Chinese Premier Wen Jiabao pressed Saudi Arabia to open its huge oil and gas resources to expanded Chinese investment, media reports said on Sunday against a backdrop of growing tension centered on Iran and worries over its crude exports to the Asian power.
The Saudi kingdom is China's biggest source of imported oil, and energy security was high on Wen's agenda in Riyadh, in part reflecting concerns about how nuclear tensions and sanctions could unsettle ties with Iran.
China and Saudi Arabia are both in important stages of development, and there are broad prospects for enhancing cooperation, Wen on Saturday told Prince Nayef, who is a senior member of the Saudi government, according to the Chinese Xinhua news agency.
Both sides must strive together to expand trade and cooperation, upstream and downstream, in crude oil and natural gas, said Wen, referring to access to extracting oil and gas and then processing them.
The Xinhua report made no mention of any discussion of Iran, whose oil exports to China face pressure from new U.S. sanctions. The U.S. sanctions threat is a particular worry for China, the biggest buyer of Iranian oil. Only Saudi Arabia and Angola sell it more crude.
Beijing is concerned with the potential response to Iranian bellicose statements and with the spike in oil prices that would ensue from greater turmoil in Syria and Iran, Michal Meidan, an analyst in London with the Eurasia Group who studies Chinese energy investment and policy, said in an emailed research note.
Late on Saturday, the Chinese Foreign Ministry denounced the United States' punishment of China's state-run Zhuhai Zhenrong Corp.
On Thursday, President Barack Obama's administration invoked U.S. law to sanction Zhuhai Zhenrong, which it said was Iran's largest supplier of refined petroleum products.
Imposing sanctions on a Chinese company based on a domestic [U.S.] law is totally unreasonable, and does not conform to the spirit or content of U.N. Security Council resolutions about the Iran nuclear issue, the Chinese Foreign Ministry representative Liu Weimin said in a statement issued on the ministry's Web site.
China expresses its strong dissatisfaction and adamant opposition, said Liu.
The Obama administration said its sanctions against the Chinese company and two other firms are part of a broadening effort to target Iran's energy sector and press Tehran to curb in its nuclear ambitions, which Western governments say appear aimed at developing the means to make atomic weapons.
Iran says its nuclear activities are legitimate and entirely for peaceful ends.
China cut oil imports from Iran in January and February in a commercial dispute over contract terms, and it has been looking for alternative supplies.
Yet China is unlikely to dramatically boost crude imports from Saudi Arabia, even with the Iranian worries, said Meidan, the analyst with the Eurasia Group.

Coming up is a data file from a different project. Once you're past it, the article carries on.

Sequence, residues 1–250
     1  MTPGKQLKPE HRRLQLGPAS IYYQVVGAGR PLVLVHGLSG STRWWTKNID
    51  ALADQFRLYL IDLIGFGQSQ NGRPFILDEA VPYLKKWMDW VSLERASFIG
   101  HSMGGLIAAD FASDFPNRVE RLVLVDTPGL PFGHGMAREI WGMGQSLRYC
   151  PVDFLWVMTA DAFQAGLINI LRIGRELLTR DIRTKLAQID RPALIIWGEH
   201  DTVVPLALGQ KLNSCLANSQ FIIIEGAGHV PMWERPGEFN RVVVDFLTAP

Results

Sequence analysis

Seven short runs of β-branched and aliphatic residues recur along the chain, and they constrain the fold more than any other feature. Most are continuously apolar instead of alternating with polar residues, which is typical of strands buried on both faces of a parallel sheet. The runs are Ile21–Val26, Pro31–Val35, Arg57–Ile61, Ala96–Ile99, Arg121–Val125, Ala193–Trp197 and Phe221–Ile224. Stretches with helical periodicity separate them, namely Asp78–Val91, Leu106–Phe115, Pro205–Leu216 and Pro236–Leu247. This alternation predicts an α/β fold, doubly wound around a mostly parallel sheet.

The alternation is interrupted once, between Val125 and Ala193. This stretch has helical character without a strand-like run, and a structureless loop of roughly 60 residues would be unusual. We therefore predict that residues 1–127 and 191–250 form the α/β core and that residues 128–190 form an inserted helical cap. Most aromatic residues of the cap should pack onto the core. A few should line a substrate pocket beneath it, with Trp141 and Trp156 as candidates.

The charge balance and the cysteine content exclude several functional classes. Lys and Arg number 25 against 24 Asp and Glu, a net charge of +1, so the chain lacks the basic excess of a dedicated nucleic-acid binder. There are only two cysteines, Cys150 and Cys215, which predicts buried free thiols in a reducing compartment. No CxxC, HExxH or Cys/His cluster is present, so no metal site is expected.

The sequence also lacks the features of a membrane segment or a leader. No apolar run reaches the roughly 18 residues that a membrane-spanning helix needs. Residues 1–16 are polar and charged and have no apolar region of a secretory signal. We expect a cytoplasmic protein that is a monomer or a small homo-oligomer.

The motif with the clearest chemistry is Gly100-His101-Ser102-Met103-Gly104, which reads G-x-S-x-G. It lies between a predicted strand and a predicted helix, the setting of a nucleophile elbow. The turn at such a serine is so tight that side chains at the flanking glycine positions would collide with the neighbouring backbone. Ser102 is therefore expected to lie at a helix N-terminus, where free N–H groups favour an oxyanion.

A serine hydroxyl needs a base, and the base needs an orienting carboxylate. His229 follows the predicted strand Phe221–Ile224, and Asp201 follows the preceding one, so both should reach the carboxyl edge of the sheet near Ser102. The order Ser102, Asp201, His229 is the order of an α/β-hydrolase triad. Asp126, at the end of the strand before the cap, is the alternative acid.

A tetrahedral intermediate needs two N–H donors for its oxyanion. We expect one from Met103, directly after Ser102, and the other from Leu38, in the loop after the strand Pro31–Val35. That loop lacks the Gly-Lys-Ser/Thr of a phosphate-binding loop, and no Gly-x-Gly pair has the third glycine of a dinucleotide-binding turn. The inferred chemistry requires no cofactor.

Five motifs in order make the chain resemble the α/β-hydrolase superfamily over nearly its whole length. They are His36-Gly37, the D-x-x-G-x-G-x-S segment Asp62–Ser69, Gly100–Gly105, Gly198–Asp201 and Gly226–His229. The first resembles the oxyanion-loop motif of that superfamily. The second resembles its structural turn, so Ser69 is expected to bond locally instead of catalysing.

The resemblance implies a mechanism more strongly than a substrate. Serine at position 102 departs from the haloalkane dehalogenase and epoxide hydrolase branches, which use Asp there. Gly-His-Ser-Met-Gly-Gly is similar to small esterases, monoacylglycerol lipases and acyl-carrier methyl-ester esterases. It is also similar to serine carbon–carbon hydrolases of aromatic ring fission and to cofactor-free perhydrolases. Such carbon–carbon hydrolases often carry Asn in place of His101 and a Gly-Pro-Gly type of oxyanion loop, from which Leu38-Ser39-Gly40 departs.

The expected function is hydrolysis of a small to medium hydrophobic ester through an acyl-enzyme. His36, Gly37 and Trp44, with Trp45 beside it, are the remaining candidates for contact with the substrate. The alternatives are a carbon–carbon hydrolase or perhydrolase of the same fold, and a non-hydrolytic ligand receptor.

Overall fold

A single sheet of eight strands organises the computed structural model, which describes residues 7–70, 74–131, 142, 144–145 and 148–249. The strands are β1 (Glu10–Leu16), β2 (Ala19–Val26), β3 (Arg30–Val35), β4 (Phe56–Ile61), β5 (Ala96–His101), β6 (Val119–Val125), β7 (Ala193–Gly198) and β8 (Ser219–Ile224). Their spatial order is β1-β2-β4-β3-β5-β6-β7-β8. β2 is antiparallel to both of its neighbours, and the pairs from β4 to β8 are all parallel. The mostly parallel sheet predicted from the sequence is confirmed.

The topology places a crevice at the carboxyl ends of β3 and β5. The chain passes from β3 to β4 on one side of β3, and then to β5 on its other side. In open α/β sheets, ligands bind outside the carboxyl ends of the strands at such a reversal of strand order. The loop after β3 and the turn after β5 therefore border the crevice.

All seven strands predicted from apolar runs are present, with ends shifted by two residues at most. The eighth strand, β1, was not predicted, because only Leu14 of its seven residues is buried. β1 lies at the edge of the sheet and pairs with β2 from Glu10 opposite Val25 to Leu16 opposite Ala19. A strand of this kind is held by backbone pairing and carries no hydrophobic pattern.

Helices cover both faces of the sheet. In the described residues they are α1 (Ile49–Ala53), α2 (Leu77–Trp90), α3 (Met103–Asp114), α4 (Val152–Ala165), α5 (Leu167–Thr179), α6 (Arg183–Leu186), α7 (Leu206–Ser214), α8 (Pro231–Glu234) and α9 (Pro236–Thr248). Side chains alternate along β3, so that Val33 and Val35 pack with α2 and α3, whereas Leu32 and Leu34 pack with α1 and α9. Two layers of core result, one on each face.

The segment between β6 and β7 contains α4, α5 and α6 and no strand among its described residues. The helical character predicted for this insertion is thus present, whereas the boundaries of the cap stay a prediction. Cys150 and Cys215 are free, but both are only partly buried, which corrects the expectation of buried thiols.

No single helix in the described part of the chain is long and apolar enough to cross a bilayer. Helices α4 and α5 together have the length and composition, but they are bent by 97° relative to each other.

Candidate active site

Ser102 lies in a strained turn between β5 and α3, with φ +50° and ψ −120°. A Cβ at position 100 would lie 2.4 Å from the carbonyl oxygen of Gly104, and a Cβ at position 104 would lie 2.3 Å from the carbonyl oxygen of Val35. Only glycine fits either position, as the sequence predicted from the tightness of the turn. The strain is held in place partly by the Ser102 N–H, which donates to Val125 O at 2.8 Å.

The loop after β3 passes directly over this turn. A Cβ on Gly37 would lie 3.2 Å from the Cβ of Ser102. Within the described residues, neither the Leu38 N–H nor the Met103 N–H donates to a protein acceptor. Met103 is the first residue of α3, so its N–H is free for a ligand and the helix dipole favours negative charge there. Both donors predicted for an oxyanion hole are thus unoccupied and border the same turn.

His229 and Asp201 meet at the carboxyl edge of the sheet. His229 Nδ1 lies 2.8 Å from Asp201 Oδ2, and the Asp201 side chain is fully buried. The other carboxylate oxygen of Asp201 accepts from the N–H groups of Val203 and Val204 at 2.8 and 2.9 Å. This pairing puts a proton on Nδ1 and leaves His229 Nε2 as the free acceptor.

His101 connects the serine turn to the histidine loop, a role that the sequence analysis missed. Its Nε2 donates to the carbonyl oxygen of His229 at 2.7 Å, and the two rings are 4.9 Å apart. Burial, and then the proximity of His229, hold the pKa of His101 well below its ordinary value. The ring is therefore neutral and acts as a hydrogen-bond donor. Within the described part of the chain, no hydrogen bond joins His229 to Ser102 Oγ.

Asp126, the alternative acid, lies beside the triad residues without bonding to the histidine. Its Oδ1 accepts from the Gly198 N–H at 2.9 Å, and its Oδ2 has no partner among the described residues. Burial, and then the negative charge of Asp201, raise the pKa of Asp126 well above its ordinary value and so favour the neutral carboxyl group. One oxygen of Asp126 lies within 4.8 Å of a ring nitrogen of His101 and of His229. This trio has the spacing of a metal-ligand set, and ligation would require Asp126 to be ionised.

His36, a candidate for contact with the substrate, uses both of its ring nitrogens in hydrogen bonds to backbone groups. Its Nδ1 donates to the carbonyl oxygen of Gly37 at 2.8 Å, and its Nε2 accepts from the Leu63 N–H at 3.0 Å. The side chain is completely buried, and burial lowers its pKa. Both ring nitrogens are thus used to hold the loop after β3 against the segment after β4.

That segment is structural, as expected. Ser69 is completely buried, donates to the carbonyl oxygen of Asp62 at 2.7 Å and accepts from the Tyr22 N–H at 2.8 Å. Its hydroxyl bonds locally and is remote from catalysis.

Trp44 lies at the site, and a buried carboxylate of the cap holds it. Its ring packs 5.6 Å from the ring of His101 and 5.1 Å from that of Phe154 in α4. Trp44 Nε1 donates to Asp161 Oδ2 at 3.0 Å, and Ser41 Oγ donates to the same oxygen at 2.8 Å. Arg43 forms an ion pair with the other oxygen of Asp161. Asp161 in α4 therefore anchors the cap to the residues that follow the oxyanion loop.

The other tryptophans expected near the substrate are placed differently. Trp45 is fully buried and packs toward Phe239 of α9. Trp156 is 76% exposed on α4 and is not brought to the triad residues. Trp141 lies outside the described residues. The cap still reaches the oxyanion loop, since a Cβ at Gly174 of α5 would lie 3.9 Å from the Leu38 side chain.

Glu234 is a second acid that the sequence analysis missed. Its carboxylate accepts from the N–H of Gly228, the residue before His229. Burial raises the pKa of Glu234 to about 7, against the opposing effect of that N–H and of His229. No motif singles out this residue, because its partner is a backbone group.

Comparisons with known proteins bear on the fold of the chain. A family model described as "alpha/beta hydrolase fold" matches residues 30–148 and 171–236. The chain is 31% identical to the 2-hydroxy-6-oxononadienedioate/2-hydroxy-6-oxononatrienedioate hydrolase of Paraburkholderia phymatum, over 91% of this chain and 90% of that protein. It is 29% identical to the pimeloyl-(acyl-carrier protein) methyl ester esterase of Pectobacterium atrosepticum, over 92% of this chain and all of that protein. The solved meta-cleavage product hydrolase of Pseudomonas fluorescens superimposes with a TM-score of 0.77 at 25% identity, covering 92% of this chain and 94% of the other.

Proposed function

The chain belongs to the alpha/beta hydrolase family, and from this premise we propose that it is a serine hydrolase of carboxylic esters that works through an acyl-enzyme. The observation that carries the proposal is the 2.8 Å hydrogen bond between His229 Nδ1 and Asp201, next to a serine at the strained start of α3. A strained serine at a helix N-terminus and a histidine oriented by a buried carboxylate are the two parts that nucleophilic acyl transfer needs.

In the likely event that Iran will offer discounted oil, Chinese traders will buy more Iranian barrels and could consequently reduce their Saudi imports, she said.
Wen will therefore need to convey both commercial and diplomatic realities to Saudi Arabia, China's number one source of crude imports, and ensure that bilateral ties remain on steady footing.
More Trade, Too, Please
Wen also said his government wants strong and reputable Chinese companies to invest in Saudi Arabia's ports, railways, and infrastructure, Xinhua reported.
China and Saudi Arabia should keep deepening cooperation in the face of changeable and complicated regional and international trends, Wen said, according to Xinhua.
Crown Prince Nayef is King Abdullah's half brother and became heir to the throne in October. The Xinhua report paraphrased the prince as saying that Saudi Arabia is willing to expand cooperation in energy and infrastructure.
China is already Saudi Arabia's biggest customer, and the kingdom is keen to diversify its economic ties.
On Saturday, the state-run Saudi oil giant Aramco and Chinese companies finalized an initial agreement signed last year to develop a 400,000- barrel-per-day (bpd) refinery in Yanbu, on the kingdom's Red Sea coast.
Aramco will hold a 62.5 percent stake in the joint venture formed to develop Yanbu Aramco Sinopec Refining Co. (YASREF), and Sinopec will own the rest.
In the first 11 months of 2011, top supplier Saudi Arabia shipped 45.5 million tons of crude to China, a rise of 12.9 percent over the same period in 2010, according to Chinese customs data. Angola and Iran were China's second- and third-biggest suppliers.
Wen is also scheduled to visit the United Arab Emirates and Qatar during his Middle East visit.
(Reporting by Chris Buckley, Editing by Jonathan Thatcher)